Editor’s note: Ariane Bernard is the new lead of the INMA Smart Data Initiative. She has identified three tentpoles of the initiative this year: personalisation, acquiring and using first-party data, and accelerating the change toward a data-strong organisation. If you would like to subscribe to her bi-weekly newsletter, INMA members can do so here.
The recent news that Google was moving to another approach for its post-cookie advertising targeting framework (we went from FLoC — Federated Learning of Cohorts — to the Topics API) was met with as many Twitter hot takes as questions.
This illustrates something about where our post-cookie world may be headed: We know we’re going there, but even Google isn’t quite sure how to get there without massively impacting certain business corners of the Internet (as well as its own business).
For publishers, we rely on cookies not just for ad revenue. We also are more and more dependent on our ability to track a user as they journey and habituate in our products. Our usage of third-party data is for our immediate profit (ads), and our usage of first-party is for our long-term benefit — and a better experience for our users.
The billion-dollar question is: How do we transition to acquiring and leveraging first-party data in places where we relied on third-party data to which we may have less access in the future?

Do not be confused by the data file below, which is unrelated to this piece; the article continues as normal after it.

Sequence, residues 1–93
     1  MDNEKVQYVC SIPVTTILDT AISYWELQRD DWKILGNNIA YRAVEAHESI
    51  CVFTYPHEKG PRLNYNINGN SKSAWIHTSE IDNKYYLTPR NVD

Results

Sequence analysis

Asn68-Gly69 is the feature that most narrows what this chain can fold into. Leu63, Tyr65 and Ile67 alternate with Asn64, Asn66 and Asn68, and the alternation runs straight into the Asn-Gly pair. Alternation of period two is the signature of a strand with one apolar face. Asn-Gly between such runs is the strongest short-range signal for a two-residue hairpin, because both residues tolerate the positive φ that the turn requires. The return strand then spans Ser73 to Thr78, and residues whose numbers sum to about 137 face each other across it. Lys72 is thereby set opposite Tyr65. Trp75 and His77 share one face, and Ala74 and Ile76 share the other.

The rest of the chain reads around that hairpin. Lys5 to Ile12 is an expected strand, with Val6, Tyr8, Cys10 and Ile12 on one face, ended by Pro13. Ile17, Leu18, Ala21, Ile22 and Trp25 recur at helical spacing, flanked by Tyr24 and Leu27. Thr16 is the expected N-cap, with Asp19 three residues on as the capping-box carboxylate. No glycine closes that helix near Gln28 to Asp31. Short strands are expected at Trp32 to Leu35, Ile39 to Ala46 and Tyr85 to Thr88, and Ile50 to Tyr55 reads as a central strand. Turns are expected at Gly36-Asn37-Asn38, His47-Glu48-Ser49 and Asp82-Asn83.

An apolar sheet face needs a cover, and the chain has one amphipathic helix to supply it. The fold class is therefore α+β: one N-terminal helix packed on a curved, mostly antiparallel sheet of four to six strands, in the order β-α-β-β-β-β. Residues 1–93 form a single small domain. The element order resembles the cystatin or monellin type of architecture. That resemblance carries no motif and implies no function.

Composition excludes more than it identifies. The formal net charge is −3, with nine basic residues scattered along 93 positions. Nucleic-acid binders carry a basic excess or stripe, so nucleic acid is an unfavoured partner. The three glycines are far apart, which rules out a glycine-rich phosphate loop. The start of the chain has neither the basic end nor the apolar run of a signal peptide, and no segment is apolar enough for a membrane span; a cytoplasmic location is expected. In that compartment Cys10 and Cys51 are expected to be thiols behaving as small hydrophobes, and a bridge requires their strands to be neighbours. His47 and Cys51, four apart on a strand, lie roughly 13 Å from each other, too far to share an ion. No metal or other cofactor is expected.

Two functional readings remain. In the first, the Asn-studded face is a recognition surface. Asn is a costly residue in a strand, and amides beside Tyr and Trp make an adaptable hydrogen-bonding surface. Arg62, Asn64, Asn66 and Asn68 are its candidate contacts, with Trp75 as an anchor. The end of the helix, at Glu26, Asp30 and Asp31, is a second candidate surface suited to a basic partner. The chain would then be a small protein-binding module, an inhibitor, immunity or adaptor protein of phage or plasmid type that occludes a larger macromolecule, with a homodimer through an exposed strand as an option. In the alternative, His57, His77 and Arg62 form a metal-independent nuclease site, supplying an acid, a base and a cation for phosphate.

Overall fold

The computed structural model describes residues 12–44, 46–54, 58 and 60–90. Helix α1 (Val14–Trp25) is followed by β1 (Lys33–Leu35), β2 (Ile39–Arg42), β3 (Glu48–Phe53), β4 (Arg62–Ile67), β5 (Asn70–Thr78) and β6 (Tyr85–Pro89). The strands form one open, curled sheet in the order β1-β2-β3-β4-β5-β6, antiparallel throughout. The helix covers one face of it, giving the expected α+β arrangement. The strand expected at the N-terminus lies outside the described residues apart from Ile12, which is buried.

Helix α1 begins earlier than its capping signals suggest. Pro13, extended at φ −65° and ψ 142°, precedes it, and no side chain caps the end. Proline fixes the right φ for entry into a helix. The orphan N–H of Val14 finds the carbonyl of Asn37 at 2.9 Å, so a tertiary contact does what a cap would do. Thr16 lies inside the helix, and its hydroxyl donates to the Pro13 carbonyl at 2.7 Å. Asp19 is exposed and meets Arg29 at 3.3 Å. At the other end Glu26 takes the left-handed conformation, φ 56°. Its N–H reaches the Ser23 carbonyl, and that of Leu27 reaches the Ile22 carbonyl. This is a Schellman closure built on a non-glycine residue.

There is also the question of how user expectations for their experience with us are changing: How they are tracked or not? What is their expectation for being able to exercise their choice in the matter?
To put it in the words of a publisher to me last month, “Is the data yours because it happened on your site, or does it belong to the user because she is the one who made these interaction decisions?”
The regulation pressure around our collection, usage, and protection of user data is something we need to learn to weave into our data strategies — both to remain compliant but to also to anticipate where we may see regulator-imposed changes to what we do.
The European Union’s GDPR was an important fog horn, but after California, the U.S. may see some regulatory changes of the same order: Massachusetts has a bill moving along that has echoes of California’s legislation, and further changes like the (forever work-in-progress) rewriting of the European ePrivacy legislation may cause further pressure in our businesses.
While these topics always look like they are territory-specific, there is a certain arc of history that seems to bend the trend toward data privacy as the default paradigm for our products. And for many of our digital businesses that operate across multiple geographies, we generally want to have one global approach to data privacy so we don’t create an incredibly complex technical or legal burden.
This, in the end, means that observing where these trends are taking us — or how organisations located in geographies that have been affected earlier by these changes — can provide useful learnings for all of us.
If you’d like to subscribe to my bi-weekly newsletter, INMA members can do so here.